The VAX 9000, code named Aridus or Aquarius, was a family of supercomputer and mainframe computers developed and manufactured by Digital Equipment Corporation (DEC) using processors implementing the VAX instruction set architecture (ISA). Aridus was a follow-on to the VAX 8800 family line. The VAX 9000 code named Aquarius was positioned by Digital as its first mainframe. In reality, it was Digital's second mainframe attempt, following their earlier and more successful 36-bit mainframe line (PDP-6 through DECSYSTEM-20) dating from the mid-1960s through early 1980s. Initially, it was marketed as a supercomputer. The VAX 9000 was introduced in October 1989 and faced problems such as the inability to ship large volumes. It was designed to be water-cooled using the same plumbing as IBM mainframes and code-named Aquarius (“water-carrier”), but were first air-cooled Aridus (“dry”). The first models delivered were "field-upgradeable" to Aquarius as Model 210 follow-on but Digital officials thought nobody would require it, so they didn't offer it.
Roughly four dozen systems were delivered before production was discontinued. Most sites ran the VMS operating system with a few sites choosing Ultrix. The pedigree of the vectorizing Fortran compiler is not clear. One representative example CPU sits in storage at the Computer History Museum (not on public display).
VAX 9000 Model 110
The VAX 9000 Model 110 was an entry-level model with the same performance as the Model 210 but had a smaller memory capacity and was bundled with less software and services. On 22 February 1991, it was priced from US$920,000, and if fitted with a vector processor, from US$997,000.
VAX 9000 Model 210
The VAX 9000 Model 210 was an entry-level model with one CPU that could be upgraded. If a vector processor was present, it was known as the VAX 9000 Model 210VP.
VAX 9000 Model 4x0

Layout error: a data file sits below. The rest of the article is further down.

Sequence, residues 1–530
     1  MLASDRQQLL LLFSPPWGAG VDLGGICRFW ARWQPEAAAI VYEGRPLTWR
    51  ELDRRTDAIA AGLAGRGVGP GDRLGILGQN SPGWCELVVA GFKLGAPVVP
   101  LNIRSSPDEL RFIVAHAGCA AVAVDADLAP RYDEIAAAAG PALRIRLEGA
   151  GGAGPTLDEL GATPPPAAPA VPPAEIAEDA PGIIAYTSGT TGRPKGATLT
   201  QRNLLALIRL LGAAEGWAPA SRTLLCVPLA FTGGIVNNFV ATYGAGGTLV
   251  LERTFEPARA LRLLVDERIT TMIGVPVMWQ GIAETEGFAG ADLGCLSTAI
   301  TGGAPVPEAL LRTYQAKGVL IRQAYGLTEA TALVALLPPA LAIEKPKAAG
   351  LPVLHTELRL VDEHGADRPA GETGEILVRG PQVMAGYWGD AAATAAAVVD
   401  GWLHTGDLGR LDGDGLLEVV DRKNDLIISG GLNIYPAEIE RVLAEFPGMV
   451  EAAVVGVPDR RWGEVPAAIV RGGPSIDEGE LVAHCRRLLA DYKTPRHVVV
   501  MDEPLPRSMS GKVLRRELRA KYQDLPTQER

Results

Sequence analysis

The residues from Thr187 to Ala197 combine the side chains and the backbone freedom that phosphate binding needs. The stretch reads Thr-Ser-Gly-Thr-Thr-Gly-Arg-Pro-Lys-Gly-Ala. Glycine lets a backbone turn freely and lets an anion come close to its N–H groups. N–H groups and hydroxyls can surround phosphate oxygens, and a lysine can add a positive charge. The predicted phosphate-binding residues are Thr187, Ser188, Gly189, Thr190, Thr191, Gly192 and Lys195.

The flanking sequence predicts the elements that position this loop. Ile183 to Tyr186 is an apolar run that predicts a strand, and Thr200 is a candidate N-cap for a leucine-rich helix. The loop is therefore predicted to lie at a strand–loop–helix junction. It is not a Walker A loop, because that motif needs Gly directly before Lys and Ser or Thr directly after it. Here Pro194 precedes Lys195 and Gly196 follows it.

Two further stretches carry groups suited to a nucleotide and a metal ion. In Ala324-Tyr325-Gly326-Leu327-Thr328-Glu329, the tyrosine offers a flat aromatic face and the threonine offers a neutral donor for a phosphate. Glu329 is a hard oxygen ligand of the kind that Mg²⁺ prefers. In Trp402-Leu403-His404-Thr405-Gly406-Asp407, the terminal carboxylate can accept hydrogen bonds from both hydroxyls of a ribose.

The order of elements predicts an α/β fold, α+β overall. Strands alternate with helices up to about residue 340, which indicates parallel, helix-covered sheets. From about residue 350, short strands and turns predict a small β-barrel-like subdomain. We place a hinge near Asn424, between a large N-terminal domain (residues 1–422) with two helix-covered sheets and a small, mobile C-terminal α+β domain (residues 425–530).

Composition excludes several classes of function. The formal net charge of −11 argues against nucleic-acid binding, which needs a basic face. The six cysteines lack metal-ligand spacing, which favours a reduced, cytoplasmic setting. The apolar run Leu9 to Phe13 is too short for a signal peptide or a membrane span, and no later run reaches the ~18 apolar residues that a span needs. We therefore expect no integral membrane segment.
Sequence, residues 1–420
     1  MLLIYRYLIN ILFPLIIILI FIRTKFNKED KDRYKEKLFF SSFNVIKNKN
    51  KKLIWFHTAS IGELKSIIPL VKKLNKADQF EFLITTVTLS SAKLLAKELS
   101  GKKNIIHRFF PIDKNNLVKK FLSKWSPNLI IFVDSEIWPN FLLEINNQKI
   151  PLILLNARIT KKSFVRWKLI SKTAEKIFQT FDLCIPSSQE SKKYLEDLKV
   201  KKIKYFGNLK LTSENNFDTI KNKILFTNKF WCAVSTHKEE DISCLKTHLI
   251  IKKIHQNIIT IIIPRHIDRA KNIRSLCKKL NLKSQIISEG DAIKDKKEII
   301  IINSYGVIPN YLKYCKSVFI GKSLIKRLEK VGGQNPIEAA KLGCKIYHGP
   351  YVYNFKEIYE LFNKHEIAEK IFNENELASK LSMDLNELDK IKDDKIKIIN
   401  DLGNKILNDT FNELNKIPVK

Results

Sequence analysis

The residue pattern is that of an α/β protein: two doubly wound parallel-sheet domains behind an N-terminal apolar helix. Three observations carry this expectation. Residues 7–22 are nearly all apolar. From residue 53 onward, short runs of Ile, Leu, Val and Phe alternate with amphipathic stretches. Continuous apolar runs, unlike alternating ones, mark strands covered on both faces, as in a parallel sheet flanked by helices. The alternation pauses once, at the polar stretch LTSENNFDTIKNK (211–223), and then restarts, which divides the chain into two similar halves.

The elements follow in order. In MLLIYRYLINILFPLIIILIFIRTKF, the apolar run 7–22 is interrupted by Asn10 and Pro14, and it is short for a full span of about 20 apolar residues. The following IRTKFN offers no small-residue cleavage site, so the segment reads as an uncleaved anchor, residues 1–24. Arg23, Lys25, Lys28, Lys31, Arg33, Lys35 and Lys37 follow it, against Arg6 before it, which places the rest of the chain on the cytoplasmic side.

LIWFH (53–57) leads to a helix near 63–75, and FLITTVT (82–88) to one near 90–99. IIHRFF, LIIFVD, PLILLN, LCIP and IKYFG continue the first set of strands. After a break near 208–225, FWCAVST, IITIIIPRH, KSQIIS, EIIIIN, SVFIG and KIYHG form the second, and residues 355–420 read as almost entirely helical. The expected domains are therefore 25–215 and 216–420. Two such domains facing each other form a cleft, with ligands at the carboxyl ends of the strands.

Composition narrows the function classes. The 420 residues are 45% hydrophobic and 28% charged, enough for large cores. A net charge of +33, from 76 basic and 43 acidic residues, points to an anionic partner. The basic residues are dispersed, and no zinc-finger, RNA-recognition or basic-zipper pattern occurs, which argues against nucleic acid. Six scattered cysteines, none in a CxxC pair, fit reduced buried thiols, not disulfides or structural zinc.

The VAX 9000 Model 4x0 was a multiprocessor capable model, the value of "x" (1, 2, 3 or 4) denoting the number of CPUs present. These models supported the vector processor, with one vector processor supported per CPU. A maximal configuration had 512 MB of memory. The number of I/O buses supported varied, with the Model 410 and 420 supporting two XMI, ten CI and eight VAXBI; while the Model 430 and 440 supported four XMI, ten CI and 14 VAXBI.
The VAX 9000 was a multiprocessor and supported one, two, three or four CPUs clocked at 62.5 MHz (16 ns cycle time). The system was based around a crossbar switch in the system control unit (SCU), to which the one to four CPUs, two memory controllers, two input/output (I/O) controllers and a service processor connected. I/O was provided by four Extended Memory Interconnect (XMI) buses.
Each CPU was implemented with 13 Multi-Chip Units (MCUs), with each MCU containing several emitter-coupled logic (ECL) macrocell arrays which contained the CPU logic. The gate arrays were fabricated in Motorola's "MOSAIC III" process, a bipolar process with a drawn width of 1.75 micrometres and three layers of interconnect. The MCUs were installed into a CPU planar module, which accommodated 16 MCUs and was 24 by 24 inches (610 mm) in size.
The VAX 9000's CPU was coupled with a vector processor with a maximum theoretical performance of 125 MFLOPS. The vector processor circuitry was present in all units shipped and disabled via a software switch on units sold 'without' the vector processor. The vector processor was referred to as the V-box, and it was Digital's first ECL implementation of the VAX Vector Architecture. The design of the vector processor began in 1986, two years after development of the VAX 9000 CPU had begun.
The V-box implementation comprised 25 Motorola Macrocell Array III (MCA3) devices spread over three multichip units (MCUs), which resided on the planar module. The V-box was optional and was field-installable. The V-box consisted of six subunits: the vector register unit, the vector add unit, vector multiply unit, vector mask unit, vector address unit and the vector control unit.
The vector register unit, also known as the vector register file, implemented the 16 vector registers defined by the VAX vector architecture. The vector register file was multi-ported and contained three write ports and five read ports. Each register consisted of 64 elements, and each element was 72 bits wide, with 64 bits used to store data and 8 bits used to store parity information.
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